If you are an NIH applicant or awardee, you likely use eRA Commons, your portal for interacting electronically with NIH. In addition to announcing major changes to electronic submission of grant applications here on the Extramural Nexus, we offer listservs targeted to issues related to electronic submission ….
We’ve already processed nearly 8,000 grant applications prepared and submitted using NIH’s web-based ASSIST and more and more of you are opting to use it all the time. ASSIST offers many benefits ….
We are excited to announce that NIH will hold two NIH Regional Seminars on Program Funding and Grants Administration in 2016. ….
When it comes to submitting grant applications, the stakes are high – should a submission with errors come in too late, it may be too late to fix. Months of work are lost. Since grant applications are anxiety producing, it is only natural that people would avoid finishing them. But hard facts about how applications fare in peer review when they are submitted closer to the receipt date may give applicants the cognitive tools they need to overcome their inclination to delay. So let’s look at some data…
NIH (including help desks) will be closed Monday, January 18, 2016 (Martin Luther King, Jr. Day). If a grant application due date falls on this federal holiday, the application deadline is automatically extended to the next business day.
On Wednesday, NIH published its strategic plan for fiscal years 2016-2020. We strongly encourage you to take a look at the plan, which focuses on four objectives that will help guide NIH’s priorities over the next five years. The objectives align with many familiar themes for readers of this blog: advance opportunities in biomedical research in fundamental science, treatment and cures, and health promotion and disease prevention; foster innovation by setting NIH priorities to enhance nimbleness, consider burden of disease and value of ….
NIH (including help desks) will be closed Friday, January 1, 2016 (New Year’s Day). If a grant application due date falls on this federal holiday, the application deadline is automatically extended to the next business day.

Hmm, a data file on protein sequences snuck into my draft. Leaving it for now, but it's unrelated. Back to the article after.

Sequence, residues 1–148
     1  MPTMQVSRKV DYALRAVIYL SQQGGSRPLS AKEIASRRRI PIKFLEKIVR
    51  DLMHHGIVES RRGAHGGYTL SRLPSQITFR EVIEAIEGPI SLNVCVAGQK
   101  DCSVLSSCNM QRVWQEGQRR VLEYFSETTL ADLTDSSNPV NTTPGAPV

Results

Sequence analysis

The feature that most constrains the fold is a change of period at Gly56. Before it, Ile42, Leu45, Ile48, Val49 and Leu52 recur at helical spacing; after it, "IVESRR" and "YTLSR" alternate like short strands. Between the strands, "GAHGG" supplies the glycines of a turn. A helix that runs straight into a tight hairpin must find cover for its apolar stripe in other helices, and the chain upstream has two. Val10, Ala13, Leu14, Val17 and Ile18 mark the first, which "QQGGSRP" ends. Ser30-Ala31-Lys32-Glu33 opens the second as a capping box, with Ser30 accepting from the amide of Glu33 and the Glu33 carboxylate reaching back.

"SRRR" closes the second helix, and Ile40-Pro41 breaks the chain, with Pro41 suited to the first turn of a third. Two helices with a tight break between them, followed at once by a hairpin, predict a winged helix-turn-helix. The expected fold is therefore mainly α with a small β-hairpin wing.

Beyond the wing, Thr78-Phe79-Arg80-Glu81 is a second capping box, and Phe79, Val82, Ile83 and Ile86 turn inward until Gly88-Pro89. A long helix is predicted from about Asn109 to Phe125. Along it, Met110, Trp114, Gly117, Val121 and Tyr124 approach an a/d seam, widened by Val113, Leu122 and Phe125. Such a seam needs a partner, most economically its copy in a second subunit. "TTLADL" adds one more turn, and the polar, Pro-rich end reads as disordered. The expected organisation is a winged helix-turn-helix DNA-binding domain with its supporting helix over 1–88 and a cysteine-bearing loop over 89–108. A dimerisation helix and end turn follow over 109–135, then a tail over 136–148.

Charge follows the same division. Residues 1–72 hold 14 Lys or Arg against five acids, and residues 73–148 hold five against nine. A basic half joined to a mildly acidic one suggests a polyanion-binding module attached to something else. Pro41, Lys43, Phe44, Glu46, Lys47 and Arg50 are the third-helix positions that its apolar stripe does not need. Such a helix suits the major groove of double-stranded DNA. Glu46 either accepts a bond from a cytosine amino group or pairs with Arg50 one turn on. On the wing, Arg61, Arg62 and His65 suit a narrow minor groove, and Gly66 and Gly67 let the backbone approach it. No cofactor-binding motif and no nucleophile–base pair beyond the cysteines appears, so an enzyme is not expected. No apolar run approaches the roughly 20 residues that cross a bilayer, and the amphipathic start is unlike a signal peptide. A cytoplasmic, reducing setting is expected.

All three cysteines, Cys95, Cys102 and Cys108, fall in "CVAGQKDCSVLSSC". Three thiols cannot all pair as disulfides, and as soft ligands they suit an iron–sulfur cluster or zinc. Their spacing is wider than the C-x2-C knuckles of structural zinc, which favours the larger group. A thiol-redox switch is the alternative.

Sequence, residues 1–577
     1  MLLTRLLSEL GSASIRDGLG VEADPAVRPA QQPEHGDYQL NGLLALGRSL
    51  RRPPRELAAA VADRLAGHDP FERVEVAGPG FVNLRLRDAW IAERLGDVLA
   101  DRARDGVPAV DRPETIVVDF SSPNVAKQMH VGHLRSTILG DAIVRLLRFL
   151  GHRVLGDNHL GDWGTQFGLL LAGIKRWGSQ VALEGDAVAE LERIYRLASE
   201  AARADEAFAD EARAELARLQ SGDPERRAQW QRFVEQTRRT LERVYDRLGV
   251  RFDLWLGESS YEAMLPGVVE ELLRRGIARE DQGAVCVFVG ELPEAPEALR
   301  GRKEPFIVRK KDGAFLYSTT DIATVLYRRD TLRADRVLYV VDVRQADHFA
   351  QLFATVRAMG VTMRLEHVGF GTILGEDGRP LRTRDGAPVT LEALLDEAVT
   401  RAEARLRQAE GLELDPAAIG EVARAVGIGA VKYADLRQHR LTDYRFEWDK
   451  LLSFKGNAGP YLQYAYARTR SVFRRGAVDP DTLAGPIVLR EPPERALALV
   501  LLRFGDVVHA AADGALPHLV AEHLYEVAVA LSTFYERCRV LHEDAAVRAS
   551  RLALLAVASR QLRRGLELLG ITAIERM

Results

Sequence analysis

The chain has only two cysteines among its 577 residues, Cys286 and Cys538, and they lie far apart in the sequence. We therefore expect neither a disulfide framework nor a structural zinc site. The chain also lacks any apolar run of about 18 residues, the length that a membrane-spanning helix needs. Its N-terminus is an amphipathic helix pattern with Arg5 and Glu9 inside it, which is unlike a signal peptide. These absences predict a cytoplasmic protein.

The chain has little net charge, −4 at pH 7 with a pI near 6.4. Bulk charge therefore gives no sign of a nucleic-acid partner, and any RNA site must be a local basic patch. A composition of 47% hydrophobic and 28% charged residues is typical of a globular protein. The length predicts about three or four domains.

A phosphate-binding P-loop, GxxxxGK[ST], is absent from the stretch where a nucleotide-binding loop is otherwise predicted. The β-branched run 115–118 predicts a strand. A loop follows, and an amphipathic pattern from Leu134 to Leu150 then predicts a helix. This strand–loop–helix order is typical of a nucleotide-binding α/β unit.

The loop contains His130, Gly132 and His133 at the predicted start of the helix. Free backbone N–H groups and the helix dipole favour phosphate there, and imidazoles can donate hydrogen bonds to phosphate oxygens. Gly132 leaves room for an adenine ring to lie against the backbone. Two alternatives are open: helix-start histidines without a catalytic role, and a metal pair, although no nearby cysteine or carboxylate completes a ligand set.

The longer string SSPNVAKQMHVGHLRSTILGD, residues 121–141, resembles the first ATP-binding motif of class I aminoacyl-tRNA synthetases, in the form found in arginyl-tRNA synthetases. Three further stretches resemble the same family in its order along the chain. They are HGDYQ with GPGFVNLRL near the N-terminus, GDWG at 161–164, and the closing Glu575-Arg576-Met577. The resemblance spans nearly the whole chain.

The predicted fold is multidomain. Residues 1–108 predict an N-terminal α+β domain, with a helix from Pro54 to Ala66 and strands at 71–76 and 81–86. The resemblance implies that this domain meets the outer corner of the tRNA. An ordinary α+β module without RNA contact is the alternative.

On September 11, 2015, the National Heart, Lung, and Blood Institute (NHLBI) announced that it was stopping its Systolic Pressure Intervention Trial (“SPRINT”). The Institute’s Data Safety and Monitoring Board (DSMB) had reviewed interim data and concluded that the results demonstrated clear benefit from aggressive blood pressure lowering. The trial enrolled over 9300 adults with systolic hypertension and increased cardiovascular risk and randomized them to standard control (aiming for a target systolic blood pressure of 140 mm Hg) or to aggressive control (aiming for a target blood pressure of 120 mm Hg). ….
In 2014, NIH announced plans for policy changes to ensure that NIH-supported investigators consider relevant measures, including sex as a biological variable (SABV), in preclinical research. NIH solicited feedback through a request for information, and we invited the research community to participate in workshops and resource development. These activities led to new guidelines for addressing SABV as an aspect of rigor and reproducibility in NIH research project grant applications and mentored career development award applications due January 25, 2016, and beyond. As you prepare applications and think about addressing the new instructions we wanted to offer some reminders about the policy’s origin, and about the application and review information. In particular, we wanted to point out what including SABV does not mean. ….
Monday, in a blog post on the Feedback Loop, colleagues at NIGMS outline the recent history of NIH’s efforts that impact graduate student training, as well as recent discussions beyond NIH on how to modernize and revitalize graduation education and training.
These conversations raise an important question, “Is NIH’s support of graduate-level training keeping pace with how we do science?”. …..